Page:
Two very large, brightly lit electric signs appeared in the Hamptons over Memorial Day weekend. One of them, the red-and-blue neon SAG HARBOR sign attached to a white wall above the cinema entrance on Main Street, sprang to life at 8 p.m. on Saturday evening. It is 16 feet long and 8 feet high. The ceremony attracted a thousand people, standing before it on the street and blocking traffic, to enjoy the event. My wife and I were among the crowd.
The sign had been the symbol of the town for nearly a century—having first graced the movie theater in the 1930s until it went dark that terrible winter day in 2016 when fire roared through the theater and several shops adjacent. Several dignitaries spoke to the crowd. One was artist April Gornik, the leader of the fundraising drive, and she named dozens of people who helped—please raise your hands when I call your name, she said. Among others who spoke were Assemblyman Fred Thiele, who shepherded the effort through Albany.
“I grew up in Sag Harbor,” he said. “When I would come home from college I would, even before I went home, drive up and down Main Street to see that everything was in place. When the fire happened and it was this black hole [he forced back tears], I knew we had to bring it back. And soon!”
Gornik had the crowd join in counting down from 10, and when the sign lit at zero, pandemonium reigned. The cinema part behind the great sign should be done by fall. It includes two theaters, a performance space, an art gallery, a meeting room—what a great effort this was!
The other big sign that got lit up this Memorial Day weekend is on the south side of the Sunrise Highway in Hampton Bays. I was there as the moment approached. The huge video screen sprang to life about 7 p.m. on Thursday. It appears as a great granite slab, 20 feet wide and 61 feet high. Up at the top, two full-color 12-foot diameter disks—one on each side—display the Great Seal of the Shinnecock Indian Nation, the owners of the land where this was put up.
It’s a bit hard for the motorists on the highway to read the wording on the seal as they whiz by at 60 miles an hour, but they cannot miss seeing the 20×30 foot video screen just below the seal. The videos are to be advertisements as available slots are sold, precious income for a tribe that has been here continuously since before the white men came, now living in hard economic conditions on a reservation in the very center of a wealthy summer resort. But there has been backlash. Many summer people who love the Sag Harbor sign want this one to be ticketed by the authorities and taken down. It’s not in keeping with the area, they say.
When the switch was thrown lighting the big vertical billboard, it sprang to life with flowers and rainbows and waterfalls in full color and full motion in the middle of the monument for the first time. A large crowd of Shinnecocks and friends stood around or sat in a semi-circle of folding chairs around a bonfire and cheered as the lights came on and Lance Gumbs, one of the leaders of the tribe, smiled and walked around telling reporters what it was all about.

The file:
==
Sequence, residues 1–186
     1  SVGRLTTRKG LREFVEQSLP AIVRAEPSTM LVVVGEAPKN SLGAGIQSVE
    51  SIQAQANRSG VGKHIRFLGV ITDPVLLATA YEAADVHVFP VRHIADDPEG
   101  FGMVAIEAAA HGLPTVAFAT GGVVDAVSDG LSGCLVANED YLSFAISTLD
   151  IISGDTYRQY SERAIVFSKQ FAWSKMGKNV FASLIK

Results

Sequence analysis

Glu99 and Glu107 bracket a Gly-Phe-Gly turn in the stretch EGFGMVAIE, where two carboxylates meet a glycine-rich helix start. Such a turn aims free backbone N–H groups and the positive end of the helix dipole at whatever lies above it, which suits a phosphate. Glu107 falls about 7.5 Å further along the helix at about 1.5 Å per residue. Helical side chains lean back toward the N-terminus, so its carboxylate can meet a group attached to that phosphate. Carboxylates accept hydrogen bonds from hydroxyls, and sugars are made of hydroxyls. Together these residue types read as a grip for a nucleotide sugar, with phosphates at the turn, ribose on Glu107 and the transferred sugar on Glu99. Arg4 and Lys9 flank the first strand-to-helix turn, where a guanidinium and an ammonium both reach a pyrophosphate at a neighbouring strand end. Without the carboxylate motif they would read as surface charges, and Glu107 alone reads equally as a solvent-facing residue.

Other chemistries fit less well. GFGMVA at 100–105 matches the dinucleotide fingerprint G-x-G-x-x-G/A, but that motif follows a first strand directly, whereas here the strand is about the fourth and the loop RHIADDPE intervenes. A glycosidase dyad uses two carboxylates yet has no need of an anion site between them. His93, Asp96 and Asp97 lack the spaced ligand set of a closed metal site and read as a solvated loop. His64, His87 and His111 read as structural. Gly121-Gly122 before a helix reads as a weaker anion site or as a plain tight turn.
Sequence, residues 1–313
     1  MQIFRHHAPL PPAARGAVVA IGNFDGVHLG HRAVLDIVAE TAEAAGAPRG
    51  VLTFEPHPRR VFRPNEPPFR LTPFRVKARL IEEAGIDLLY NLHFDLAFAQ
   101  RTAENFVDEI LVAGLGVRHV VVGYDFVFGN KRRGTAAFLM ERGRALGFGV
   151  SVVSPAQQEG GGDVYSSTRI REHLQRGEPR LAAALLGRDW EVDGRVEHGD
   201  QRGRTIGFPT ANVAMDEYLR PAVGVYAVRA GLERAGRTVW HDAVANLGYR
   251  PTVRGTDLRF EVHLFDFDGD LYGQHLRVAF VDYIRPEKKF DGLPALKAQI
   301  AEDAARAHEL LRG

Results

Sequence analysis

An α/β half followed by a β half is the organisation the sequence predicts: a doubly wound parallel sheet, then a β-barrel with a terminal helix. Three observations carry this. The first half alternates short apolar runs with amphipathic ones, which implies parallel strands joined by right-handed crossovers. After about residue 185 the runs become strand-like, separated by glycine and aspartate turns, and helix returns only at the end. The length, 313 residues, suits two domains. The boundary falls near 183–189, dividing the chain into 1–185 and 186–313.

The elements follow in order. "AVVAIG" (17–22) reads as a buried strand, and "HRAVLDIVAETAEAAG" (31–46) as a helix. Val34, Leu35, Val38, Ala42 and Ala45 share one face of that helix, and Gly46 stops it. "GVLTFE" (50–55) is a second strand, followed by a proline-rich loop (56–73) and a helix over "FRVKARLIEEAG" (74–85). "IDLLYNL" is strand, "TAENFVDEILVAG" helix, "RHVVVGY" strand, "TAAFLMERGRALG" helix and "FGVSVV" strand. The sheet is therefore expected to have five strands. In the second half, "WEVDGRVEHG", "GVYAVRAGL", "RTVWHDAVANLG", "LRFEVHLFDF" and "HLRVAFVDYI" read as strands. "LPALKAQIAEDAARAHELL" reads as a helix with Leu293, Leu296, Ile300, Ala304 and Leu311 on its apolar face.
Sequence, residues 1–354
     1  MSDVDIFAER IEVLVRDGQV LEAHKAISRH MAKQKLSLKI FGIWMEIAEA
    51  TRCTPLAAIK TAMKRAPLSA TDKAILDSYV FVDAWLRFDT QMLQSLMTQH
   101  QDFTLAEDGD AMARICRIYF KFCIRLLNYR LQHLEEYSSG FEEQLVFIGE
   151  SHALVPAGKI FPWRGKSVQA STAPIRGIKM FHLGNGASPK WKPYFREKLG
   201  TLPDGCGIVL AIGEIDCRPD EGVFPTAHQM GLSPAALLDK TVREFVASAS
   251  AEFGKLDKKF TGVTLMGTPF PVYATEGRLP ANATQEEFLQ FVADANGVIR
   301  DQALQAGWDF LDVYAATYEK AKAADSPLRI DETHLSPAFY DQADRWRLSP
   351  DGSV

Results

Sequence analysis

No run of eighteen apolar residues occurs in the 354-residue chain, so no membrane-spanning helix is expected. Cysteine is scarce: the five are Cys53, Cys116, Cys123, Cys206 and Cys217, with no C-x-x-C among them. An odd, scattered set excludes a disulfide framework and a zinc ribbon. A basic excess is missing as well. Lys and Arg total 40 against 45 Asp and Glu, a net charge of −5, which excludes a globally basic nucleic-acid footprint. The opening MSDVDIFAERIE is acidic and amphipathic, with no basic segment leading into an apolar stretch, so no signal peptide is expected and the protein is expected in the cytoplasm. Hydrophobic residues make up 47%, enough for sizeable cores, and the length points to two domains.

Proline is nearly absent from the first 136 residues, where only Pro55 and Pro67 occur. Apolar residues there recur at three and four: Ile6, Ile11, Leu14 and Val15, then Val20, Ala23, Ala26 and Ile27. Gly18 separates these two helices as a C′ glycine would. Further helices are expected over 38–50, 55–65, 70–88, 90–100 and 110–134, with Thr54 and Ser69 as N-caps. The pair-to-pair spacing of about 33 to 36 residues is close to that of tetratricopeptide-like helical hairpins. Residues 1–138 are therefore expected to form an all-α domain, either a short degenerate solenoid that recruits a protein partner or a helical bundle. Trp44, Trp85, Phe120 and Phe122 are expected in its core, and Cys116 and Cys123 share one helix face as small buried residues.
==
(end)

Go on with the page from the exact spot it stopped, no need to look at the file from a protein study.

“We own all this land, from the south side of the Sunrise Highway to Peconic Bay, all deep woods. We leased a right-of-way for the superhighway to the federal government in 1959. We are nationally recognized as a separate nation. And we paid $75,000 for state permits and built this.
“We will follow the Dark Skies guidelines—the video will be dimmed during the night. And we informed the towns and the county on what we intended to do, so here it is.
“In the 1980s, we got shut down for selling cigarette cartons on our reservation. In the 1990s, we got shut down for trying to open a bingo hall and casino on our property. It seems every time we want to do something to make ourselves some money, we get stopped. They want us poor. No more. And we have some other ideas to make money coming along, too.”
The top of the billboard does not rise above the tree line. Not far away to the east, a communications tower rises to over 300 feet, as does a water tower. And just a quarter-mile further along the superhighway ends, next to a gas station sits a statue of me sitting on a bucking lobster by the side of the road, put there by some “Friends of Dan,” as they call themselves. (It rises 11 feet.)
Just after that begins a five-mile stretch of strip malls, pizza parlors, brake-repair shops, auto dealerships, driving ranges, swimming pool stores and a Burger King and a 7-Eleven. It is not what you would call the historic Hamptons here. That’s elsewhere. The summer people have ruined the land, the Shinnecocks tell us. Not them. They have a point.